CHINA: An Opportunity for Wall St. in China's Surveillance Boom
Li Runsen, the powerful technology director of China's ministry of public security, is best known for leading Project Golden Shield, China's intensive effort to strengthen police control over the Internet.
But last month Mr. Li took an additional title: director for China Security and Surveillance Technology, a fast-growing company that installs and sometimes operates surveillance systems for Chinese police agencies, jails and banks, among other customers. The company has just been approved for a listing on the New York Stock Exchange.
The company's listing and Mr. Li's membership on its board are just the latest signs of ever-closer ties among Wall Street, surveillance companies and the Chinese government's security apparatus.
Wall Street analysts now follow the growth of companies that install surveillance systems providing Chinese police stations with 24-hour video feeds from nearby Internet cafes. Hedge fund money from the United States has paid for the development of not just better video cameras, but face-recognition software and even newer behavior-recognition software designed to spot the beginnings of a street protest and notify police.
Now, the ties between China's surveillance sector and American capital markets are starting to draw Washington's attention.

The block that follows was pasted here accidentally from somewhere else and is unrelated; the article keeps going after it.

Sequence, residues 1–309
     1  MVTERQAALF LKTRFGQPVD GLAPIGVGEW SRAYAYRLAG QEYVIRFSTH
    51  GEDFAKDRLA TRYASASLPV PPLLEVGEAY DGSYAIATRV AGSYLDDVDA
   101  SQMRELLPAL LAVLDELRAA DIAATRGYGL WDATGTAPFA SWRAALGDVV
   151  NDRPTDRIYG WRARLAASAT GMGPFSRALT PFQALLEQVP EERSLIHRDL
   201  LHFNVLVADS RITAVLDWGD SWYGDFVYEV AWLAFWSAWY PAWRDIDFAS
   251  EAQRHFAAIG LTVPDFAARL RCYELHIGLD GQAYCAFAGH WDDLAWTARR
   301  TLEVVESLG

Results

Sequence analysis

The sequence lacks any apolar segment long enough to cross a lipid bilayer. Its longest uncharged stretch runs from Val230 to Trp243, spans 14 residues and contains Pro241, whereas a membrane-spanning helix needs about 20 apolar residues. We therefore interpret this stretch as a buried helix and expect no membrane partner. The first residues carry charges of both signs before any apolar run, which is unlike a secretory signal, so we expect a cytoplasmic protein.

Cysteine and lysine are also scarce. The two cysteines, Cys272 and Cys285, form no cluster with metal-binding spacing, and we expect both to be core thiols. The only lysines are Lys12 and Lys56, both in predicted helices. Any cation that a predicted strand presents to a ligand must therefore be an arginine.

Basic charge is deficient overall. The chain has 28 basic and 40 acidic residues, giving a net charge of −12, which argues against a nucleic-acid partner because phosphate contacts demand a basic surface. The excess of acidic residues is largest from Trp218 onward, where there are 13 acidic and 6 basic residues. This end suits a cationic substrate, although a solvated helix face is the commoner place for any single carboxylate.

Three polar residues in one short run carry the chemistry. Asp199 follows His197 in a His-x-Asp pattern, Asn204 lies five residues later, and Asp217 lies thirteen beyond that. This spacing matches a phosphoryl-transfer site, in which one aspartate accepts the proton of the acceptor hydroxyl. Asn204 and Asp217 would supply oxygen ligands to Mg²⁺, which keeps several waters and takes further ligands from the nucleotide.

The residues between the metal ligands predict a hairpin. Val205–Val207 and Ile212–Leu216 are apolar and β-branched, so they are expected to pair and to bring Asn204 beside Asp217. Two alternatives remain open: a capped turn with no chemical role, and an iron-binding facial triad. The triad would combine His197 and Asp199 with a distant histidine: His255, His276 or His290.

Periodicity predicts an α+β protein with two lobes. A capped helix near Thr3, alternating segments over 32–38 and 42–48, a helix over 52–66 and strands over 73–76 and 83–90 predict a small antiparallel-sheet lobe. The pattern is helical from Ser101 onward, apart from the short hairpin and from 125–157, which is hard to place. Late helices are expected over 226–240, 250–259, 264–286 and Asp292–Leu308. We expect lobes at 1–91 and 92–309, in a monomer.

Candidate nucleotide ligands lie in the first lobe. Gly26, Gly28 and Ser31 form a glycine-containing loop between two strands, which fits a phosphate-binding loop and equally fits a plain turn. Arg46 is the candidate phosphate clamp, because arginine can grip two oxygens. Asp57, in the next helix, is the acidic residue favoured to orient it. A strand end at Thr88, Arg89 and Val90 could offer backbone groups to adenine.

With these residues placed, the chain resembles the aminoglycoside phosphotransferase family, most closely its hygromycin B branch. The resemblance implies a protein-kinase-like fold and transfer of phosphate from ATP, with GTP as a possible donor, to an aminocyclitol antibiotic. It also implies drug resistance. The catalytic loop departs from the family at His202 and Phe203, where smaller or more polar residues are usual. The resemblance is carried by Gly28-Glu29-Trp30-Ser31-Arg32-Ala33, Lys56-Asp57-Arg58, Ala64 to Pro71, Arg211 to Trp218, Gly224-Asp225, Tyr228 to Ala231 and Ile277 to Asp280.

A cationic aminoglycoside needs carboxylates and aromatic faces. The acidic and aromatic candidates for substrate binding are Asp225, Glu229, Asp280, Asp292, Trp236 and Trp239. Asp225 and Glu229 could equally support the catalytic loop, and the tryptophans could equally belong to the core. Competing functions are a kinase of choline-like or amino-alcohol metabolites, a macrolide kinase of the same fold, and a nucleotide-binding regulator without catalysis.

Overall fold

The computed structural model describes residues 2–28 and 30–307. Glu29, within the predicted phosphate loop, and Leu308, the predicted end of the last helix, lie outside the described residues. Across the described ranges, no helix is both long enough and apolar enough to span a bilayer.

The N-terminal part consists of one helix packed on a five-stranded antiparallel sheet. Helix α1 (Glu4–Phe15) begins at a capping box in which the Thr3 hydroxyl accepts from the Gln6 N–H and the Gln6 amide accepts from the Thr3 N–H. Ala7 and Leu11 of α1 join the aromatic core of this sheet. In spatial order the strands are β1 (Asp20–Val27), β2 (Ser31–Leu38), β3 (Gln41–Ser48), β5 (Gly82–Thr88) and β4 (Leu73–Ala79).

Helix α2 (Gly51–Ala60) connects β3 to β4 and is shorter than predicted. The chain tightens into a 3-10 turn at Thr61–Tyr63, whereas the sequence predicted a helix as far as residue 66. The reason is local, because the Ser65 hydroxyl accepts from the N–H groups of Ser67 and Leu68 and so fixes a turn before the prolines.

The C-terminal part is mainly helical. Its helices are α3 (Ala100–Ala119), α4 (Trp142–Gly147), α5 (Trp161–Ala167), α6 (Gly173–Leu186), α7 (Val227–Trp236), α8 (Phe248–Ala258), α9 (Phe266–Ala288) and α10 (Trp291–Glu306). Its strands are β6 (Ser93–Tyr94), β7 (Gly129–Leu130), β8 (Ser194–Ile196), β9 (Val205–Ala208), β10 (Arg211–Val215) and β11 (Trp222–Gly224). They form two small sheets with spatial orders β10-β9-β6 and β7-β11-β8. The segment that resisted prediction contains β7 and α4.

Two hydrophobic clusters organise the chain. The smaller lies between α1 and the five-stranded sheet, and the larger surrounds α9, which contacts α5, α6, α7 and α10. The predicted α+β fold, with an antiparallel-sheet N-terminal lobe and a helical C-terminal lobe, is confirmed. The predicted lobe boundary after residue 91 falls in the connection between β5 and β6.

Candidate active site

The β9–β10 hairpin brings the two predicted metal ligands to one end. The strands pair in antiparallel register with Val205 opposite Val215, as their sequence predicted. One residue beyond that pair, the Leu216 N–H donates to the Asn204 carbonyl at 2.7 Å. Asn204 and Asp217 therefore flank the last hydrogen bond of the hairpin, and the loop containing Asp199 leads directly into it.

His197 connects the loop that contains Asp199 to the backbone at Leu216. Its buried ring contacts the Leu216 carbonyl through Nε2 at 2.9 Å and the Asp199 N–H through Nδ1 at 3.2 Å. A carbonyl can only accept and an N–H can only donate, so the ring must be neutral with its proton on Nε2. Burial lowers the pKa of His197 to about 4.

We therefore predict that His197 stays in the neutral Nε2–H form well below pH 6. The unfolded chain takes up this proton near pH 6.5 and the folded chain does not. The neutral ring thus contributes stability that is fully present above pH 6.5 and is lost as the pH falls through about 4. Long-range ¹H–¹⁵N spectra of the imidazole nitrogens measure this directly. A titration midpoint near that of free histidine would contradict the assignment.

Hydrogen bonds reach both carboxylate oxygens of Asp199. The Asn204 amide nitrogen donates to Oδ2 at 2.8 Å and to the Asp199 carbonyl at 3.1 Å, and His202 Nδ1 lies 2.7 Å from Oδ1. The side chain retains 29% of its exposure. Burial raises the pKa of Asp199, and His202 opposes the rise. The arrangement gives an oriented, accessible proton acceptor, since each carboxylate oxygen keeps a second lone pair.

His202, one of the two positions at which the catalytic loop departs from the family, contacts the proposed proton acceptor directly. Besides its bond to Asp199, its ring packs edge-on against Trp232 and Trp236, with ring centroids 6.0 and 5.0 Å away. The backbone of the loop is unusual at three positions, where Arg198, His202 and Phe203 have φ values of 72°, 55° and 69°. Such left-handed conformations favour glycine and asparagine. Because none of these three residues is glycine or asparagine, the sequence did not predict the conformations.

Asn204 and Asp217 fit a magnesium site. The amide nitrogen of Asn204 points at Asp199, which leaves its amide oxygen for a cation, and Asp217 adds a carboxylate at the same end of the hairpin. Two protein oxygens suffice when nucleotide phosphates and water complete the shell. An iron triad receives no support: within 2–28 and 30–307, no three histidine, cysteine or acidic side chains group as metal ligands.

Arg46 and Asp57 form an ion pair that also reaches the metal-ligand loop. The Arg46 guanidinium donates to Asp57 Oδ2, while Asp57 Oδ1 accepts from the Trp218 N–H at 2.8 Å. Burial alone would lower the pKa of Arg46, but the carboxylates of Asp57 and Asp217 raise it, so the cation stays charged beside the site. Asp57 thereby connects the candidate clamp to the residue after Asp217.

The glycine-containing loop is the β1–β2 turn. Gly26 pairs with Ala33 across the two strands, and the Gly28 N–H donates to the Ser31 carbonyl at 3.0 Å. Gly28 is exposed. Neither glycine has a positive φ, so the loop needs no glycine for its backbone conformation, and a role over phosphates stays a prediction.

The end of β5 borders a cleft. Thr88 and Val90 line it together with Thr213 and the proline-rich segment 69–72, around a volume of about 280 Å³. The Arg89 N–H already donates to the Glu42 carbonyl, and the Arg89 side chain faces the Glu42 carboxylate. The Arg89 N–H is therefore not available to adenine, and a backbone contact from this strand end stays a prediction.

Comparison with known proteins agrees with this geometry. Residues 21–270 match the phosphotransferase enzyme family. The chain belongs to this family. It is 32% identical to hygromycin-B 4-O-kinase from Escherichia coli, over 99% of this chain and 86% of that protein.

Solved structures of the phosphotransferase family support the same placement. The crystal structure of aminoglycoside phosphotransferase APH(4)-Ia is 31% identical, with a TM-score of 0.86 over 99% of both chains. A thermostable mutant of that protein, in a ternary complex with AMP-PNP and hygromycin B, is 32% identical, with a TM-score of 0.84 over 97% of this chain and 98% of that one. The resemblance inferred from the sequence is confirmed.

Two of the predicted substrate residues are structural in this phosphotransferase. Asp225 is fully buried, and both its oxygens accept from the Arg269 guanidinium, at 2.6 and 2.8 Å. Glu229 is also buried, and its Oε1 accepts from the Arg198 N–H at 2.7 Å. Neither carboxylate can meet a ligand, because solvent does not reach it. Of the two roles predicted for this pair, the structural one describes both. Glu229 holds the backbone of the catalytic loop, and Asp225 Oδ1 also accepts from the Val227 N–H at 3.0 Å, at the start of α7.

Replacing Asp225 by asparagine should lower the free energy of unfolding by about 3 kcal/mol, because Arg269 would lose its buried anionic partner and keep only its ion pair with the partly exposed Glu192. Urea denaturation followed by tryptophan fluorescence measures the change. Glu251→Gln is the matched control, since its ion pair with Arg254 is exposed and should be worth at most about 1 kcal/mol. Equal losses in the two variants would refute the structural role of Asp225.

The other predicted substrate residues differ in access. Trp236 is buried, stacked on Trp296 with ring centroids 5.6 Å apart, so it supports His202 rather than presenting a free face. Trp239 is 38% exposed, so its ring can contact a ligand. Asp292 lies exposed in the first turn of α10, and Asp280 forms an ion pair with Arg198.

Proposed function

Rep. Tom Lantos, the California Democrat who is chairman of the House Foreign Affairs Committee, said he was disturbed by a recent report in The New York Times about the development of surveillance systems in China by another company, China Public Security Technology, which, like China Security and Surveillance, incorporated itself in the United States to make it easier to sell shares to Western investors.
Mr. Lantos called American involvement in the Chinese surveillance industry "an absolutely incredible phenomenon of extreme corporate irresponsibility."
He said he planned to broaden an existing investigation into "the cooperation of American companies in the Chinese police state."
Executives of Chinese surveillance companies say they are helping their government reduce street crime, preserve social stability and prevent terrorism. They note that London has a more sophisticated surveillance system, although the Chinese system will soon be far more extensive.
Wall Street executives also defend the industry as necessary to keep the peace at a time of rapid change in China. They point out that New York has begun experimenting with surveillance cameras in Lower Manhattan and other areas of the city, and that corporations make broad use of surveillance cameras in places like convenience stores and automated teller machines.
"Is New York a police state?" said Peter Siris, the managing director of Guerrilla Capital and Hua-Mei 21st Century, two Manhattan hedge funds that were among the earliest investors in China Security and Surveillance.